While most students have settled back into school rhythm, those who first spoke a language other than English, can have a harder time adjusting. Those who learn English early enough can juggle two languages productively — but the later the switch to English comes, the more difficult it is.
Students like five-year-old Ron Machtey have the best of both worlds. Machtey just began kindergarten at P.S. 191 Amsterdam. For the most part, according to his father, he enjoys it: Ron finds his homework easy; he breezes through addition problems and noun writing. Machtey moved from Israel to New York with his parents when he was two years old, and was enrolled in a dual-language program at Pre-School of America, the entry level of the New York Department of Education’s three-tiered program for students whose native language is not English.
Machtey is one of more than 140,000 New York City students who come from a home where a language other than English is spoken, approximately 18 percent of the student population, referred to as English language learners. According to the department’s annual report, language learners have a graduation rate of 34 percent, compared to 74 percent for all students. Shondel Nero, director of New York University’s multilingual multicultural studies department, says that the key to success is in getting students to use English for academic purposes, and not just for conversation.
“There’s a big difference between conversation English, which takes two to three years to learn,” said Nero, “[and] to learn English for school, to learn English to read textbooks and take standardized tests. That takes at least five years with optimum performance and high quality instruction – and that’s the ideal situation.”
Each spring, language learners take the New York State English as a Second Language Achievement Test to determine their proficiency and placement based on speaking, listening, reading and writing skills.
According to the department’s website, New York public schools offer three models for English language learners. Students first enter a dual language program where they’re taught in two languages – their home and language and English – so they build proficiency in both languages. As their English skills improve, they move into the “transitional bilingual education” program, and the amount of their native language instruction is reduced until they can fully assimilate in English-speaking classrooms. There is also a freestanding English as a second language program – known as ESL – for older students. At the end of the school year, students take the achievement test again to see if they still require language learner services.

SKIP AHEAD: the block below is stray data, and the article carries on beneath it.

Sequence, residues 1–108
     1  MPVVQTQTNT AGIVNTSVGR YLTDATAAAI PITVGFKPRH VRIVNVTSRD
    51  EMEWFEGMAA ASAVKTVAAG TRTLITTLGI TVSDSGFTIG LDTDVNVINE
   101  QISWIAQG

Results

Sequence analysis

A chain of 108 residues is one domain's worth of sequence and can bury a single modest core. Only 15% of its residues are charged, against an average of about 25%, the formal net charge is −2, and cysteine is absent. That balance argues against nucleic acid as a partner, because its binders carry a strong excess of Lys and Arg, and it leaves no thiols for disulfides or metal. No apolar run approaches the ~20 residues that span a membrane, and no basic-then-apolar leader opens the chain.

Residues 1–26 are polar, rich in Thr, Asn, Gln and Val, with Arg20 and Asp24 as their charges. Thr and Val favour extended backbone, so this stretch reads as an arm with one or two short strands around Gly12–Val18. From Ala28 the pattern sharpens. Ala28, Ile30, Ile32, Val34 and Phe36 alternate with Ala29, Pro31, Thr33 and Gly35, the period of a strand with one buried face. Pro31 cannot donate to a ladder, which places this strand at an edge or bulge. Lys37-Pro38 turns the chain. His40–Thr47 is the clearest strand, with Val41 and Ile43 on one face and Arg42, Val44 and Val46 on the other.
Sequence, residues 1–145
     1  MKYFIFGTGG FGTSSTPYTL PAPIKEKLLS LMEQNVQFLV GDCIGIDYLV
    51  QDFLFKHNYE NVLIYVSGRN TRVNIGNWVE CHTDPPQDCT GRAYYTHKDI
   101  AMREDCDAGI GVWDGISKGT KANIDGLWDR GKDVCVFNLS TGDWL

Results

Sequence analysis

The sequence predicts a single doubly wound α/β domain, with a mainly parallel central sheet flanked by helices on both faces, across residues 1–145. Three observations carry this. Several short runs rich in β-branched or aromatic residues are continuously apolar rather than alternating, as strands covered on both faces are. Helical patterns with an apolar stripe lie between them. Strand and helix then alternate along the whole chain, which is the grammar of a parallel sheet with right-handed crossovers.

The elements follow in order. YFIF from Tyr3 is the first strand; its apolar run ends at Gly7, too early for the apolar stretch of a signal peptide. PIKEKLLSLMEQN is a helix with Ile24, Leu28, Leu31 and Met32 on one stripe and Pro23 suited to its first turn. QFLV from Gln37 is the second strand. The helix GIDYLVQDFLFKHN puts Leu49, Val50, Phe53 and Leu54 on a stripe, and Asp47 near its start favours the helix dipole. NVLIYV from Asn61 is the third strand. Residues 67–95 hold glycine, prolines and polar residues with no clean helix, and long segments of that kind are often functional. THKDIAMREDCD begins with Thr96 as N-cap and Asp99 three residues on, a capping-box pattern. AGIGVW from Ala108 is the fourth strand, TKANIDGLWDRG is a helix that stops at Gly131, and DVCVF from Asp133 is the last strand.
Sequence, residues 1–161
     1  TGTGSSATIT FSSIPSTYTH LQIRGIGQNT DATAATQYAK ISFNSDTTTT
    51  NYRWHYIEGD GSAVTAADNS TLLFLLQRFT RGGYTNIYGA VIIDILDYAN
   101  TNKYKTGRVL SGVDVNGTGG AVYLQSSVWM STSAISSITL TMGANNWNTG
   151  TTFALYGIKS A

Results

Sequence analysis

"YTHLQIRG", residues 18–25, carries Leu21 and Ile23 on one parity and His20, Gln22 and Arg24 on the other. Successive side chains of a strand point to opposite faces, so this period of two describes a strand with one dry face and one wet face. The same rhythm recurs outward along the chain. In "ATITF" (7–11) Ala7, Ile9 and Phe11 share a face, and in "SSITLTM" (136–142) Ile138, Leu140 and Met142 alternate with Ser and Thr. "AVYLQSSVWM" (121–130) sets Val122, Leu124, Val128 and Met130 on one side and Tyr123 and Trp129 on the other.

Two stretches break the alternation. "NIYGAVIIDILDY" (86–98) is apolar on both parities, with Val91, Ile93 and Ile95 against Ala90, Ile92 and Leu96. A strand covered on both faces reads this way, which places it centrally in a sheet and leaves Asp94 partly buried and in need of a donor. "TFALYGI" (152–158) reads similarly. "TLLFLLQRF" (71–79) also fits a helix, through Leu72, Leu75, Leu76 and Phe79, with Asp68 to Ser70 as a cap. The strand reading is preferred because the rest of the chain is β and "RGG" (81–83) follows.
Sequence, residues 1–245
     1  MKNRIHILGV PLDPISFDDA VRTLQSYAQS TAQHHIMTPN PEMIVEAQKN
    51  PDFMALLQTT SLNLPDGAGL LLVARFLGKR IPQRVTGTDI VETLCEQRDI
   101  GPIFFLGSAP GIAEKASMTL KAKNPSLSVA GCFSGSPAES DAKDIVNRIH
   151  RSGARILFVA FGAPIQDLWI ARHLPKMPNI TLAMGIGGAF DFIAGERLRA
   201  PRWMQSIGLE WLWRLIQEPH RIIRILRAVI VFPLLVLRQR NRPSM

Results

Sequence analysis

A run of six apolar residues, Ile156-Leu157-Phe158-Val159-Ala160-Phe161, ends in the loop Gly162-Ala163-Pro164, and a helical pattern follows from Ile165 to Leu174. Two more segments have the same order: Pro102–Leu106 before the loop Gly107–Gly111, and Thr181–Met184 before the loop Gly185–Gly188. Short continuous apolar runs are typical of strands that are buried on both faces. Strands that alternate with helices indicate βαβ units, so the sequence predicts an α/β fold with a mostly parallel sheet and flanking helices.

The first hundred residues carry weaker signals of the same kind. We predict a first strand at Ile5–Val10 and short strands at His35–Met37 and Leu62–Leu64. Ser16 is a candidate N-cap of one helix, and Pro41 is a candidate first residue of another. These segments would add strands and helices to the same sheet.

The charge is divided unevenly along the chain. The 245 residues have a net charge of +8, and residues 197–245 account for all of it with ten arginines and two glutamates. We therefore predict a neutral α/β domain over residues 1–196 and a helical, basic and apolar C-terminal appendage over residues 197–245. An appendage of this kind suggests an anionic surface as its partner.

“When students pass out of the [achievement] test,” Nero said, “they’re no longer eligible for ESL services, and that’s tricky … The test is literally a minimum standard. Students continue to need support.”
Nero said that institutions like the International Network for Public Schools have built a successful model for educating language learners because they “use language as a resource rather than a problem.”
The nation-wide network is a nonprofit institution that serves only high school English language learners, and opened its first school, The International High School at La Guardia Community College, in 1985. Currently, they have 18 schools, four in New York City.
“All of our teachers are language and content learners,” said Kim To, the network’s director of communications. Unlike New York public school students, who only have one English language learning class throughout the day, network students develop their multilingual skills in their math and science classes as well.
The four New York network schools have a 58 percent four-year graduation rate for language learners, compared to the DOE’s average of 32 percent. For a six-year graduation rate, that difference is even higher, with the network at 77 percent and the department at 57.
While the network could not provide its acceptance rates, To said that they mostly accept students who have moved to the U.S. in the past four years.
“Most ESL students are overwhelmed when they first arrive at our school,” said Trevor Safford, the network’s instructional coach and former English language arts teacher at the network’s Bronx branch, “and we take the time to acclimate them to our classroom. If we see a student who’s struggling, we pair them up with another student who speaks the same language.”
According to the DOE website, about half of English language learners were born in another country, and according to immigration activists, these students come with a different set of needs.
“Immigrants are fully aware of the need to speak English to succeed,” Nero said, a former ESL teacher and has worked with immigrant students and parents. “Most people don’t realize how difficult it is to learn for academic purposes, not just for survival.”
For almost a decade, the New York Immigration Coalition, a 25-year-old activist group, has had an education task force to assist New York’s immigrant student population. The coalition, made up of 20 advocates representing more than 20 ethnic groups ranging from Asian Americans for Equality to the Flanbwayan Haitian Literacy Project, meets monthly.
“Almost 60 percent of immigrant children who do not speak English as their first language are living in poverty,” said Max Ahmed, the coalition’s education advocate. He emphasized the need to learn English as a path to a better life, and said that sometimes the first step is to help a student’s parents.
“A lot of people forget that first-generation parents need a lot of support as well,” Ahmed said. “If they can’t understand a letter in the English language, they’ll go to our community-based organization to translate and interpret for them. It’s one of the few ways we can help [students] transition into these schools.”